CEOs ‘sleepout’ at Hawaii State Capitol
Business leaders overnight outside Hawaii’s Capitol with The Salvation Army to raise awareness for homeless issues.
By David Sayre –
More than 30 Hawaii CEOs, community leaders and Salvation Army representatives participated in the inaugural “The Salvation Army CEO Sleepout” at the Hawaii State Capitol Rotunda Sept. 16.
The overnight effort was designed to raise awareness of homeless-related issues by having the leaders discuss long-term solutions, participate in outreach to homeless individuals in the downtown area, and experience one night on the street or, in this case, the Capitol Rotunda.
Each participant received cardboard boxes to sleep on, a clean blanket and several meals served from The Salvation Army canteen.
“Our goal was to educate our community and business leaders on how they can become an integral part of an effective, long-term solution for homelessness,” said Major John Chamness, Divisional Commander for The Salvation Army Hawaiian and Pacific Islands Division. “I was humbled to see the level of commitment and compassion our community leaders shared during the event.”
Event co-chair Rick Blangiardi, vice president and general manager of Hawaii News Now, summed up the experience following breakfast the next morning. “I’m struck by how appropriate and symbolic it is for us to have overnighted outside at the Capitol in the Rotunda. It’s a collective leadership effort by the nonprofit sector, the for-profit sector and our government. It is more than encouraging that 30 of us have come to this place to experience and share an evening together in the spirit of directly addressing our homeless crisis. We are here at the State Capitol, where our laws are made, and where the possibilities exist to truly impact this heartbreaking situation. Your compassion and caring is the stuff that inspires positive change and your leadership and desire to develop and create solutions to end homelessness is nothing short of inspiring! Thank you all for being here, and for sleeping out tonight at the Capitol in the spirit and hope that we can make a difference if we are willing to work and sacrifice together. Thank you!”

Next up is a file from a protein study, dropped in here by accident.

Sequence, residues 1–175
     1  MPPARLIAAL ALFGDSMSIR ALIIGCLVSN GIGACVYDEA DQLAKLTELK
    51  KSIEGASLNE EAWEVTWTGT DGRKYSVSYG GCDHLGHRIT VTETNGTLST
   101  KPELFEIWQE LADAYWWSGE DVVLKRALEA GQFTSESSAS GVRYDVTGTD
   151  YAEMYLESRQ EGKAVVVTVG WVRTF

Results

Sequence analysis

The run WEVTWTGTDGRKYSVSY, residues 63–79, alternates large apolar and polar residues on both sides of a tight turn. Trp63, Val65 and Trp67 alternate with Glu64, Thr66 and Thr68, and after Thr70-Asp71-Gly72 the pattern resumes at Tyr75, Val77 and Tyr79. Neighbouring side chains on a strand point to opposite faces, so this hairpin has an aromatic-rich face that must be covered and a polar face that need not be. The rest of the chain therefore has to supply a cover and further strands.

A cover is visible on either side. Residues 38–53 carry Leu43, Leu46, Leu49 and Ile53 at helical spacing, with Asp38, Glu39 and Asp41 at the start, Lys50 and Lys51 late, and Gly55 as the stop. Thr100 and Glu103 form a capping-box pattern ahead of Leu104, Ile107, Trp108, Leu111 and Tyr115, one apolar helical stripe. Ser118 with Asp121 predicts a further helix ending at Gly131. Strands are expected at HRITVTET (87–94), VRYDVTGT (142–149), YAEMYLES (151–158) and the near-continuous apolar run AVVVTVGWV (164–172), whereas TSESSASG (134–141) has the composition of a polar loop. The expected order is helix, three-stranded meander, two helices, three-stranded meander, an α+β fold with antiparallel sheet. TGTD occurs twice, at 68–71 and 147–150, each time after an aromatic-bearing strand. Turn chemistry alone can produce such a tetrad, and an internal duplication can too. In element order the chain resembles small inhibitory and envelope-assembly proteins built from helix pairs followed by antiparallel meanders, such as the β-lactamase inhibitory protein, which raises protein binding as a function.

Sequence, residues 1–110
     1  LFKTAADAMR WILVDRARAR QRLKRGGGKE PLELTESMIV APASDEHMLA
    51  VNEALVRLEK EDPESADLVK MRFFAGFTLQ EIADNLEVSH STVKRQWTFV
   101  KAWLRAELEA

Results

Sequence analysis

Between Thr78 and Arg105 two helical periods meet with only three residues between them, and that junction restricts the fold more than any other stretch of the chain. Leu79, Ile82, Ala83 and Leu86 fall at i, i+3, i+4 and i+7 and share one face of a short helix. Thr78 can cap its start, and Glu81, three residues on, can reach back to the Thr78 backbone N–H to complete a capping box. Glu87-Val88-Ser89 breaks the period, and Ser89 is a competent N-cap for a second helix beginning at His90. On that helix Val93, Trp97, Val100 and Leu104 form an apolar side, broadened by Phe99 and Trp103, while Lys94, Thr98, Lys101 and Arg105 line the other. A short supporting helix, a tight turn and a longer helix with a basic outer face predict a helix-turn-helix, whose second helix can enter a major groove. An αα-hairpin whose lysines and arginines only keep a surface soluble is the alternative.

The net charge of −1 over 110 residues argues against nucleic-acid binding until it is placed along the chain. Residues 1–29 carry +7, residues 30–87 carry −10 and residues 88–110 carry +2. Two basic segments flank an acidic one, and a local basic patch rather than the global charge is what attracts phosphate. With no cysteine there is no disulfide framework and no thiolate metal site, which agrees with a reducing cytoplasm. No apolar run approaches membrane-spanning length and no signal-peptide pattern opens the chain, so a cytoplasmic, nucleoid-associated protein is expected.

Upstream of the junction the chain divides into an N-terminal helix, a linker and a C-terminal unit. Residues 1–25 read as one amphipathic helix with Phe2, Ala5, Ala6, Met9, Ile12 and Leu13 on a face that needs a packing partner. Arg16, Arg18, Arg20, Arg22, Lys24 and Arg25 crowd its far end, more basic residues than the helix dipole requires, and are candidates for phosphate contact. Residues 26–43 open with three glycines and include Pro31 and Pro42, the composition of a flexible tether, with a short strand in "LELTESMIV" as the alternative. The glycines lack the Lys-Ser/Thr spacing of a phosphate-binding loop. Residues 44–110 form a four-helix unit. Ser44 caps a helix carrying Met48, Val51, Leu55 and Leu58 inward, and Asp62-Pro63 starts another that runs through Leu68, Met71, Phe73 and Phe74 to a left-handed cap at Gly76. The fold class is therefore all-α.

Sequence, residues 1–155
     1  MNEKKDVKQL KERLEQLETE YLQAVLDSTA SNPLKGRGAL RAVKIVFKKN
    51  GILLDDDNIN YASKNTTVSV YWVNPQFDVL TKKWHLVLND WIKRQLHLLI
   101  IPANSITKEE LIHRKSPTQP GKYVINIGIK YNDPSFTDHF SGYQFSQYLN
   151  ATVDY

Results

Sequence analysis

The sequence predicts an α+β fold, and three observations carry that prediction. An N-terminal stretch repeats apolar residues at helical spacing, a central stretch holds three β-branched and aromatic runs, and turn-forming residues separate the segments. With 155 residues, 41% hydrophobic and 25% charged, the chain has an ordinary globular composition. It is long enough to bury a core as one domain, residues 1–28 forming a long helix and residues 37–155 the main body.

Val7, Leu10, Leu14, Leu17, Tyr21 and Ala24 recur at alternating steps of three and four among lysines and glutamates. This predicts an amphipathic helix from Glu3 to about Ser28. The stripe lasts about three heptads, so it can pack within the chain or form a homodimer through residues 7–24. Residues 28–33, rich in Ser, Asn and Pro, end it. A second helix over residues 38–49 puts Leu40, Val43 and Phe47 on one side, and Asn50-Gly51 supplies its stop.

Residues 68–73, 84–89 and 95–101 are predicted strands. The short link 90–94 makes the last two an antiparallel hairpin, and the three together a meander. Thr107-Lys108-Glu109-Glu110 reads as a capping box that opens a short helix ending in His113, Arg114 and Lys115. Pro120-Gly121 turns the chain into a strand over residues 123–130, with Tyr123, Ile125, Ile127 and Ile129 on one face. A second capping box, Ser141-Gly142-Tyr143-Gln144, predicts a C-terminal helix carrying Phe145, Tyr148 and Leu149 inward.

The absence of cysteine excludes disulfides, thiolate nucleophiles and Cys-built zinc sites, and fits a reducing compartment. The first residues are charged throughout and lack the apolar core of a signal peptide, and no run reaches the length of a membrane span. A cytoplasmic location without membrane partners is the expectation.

Sherry Menor McNamara, event participant and president and CEO of Chamber of Commerce Hawaii shared details with Chamber members. “It’s critical that we have strong and collaborative leadership, continue to elevate our efforts and become a part of the discussion to find solutions, as homelessness is not just a social issue, but an economic and statewide issue that affects everyone.” Read her entire recap here.
Another participant, Scott Sivik, market vice president for ‘Ohana Health Plan, concurs. He was part of a five-member team representing ‘Ohana Health Plan and wrote a blog about the Sleepout, which he called a “humbling and fulfilling experience.”
“That evening I was given the opportunity to meet and interact with people whose varied circumstances resulted in them being homeless,” Sivik said. “We all agreed that homelessness is a complex issue requiring the collective efforts of the entire community to solve.”
The Salvation Army launched Pathway of Hope in Hawaii in 2015, a statewide initiative to break the cycles of crisis and intergenerational poverty, homelessness and drug addiction by providing three pillars of change: jobs, housing, and a new community of support and accountability. Studies support that providing these services to individuals who are homeless or have substance abuse problems enhances their chance of success in breaking these cycles.
In addition, data from The Salvation Army’s Family Treatment Services program shows that clients who agree to services and remain engaged have positive outcomes in terms of their recovery, housing, parenting, and the ability to be active participants in the community.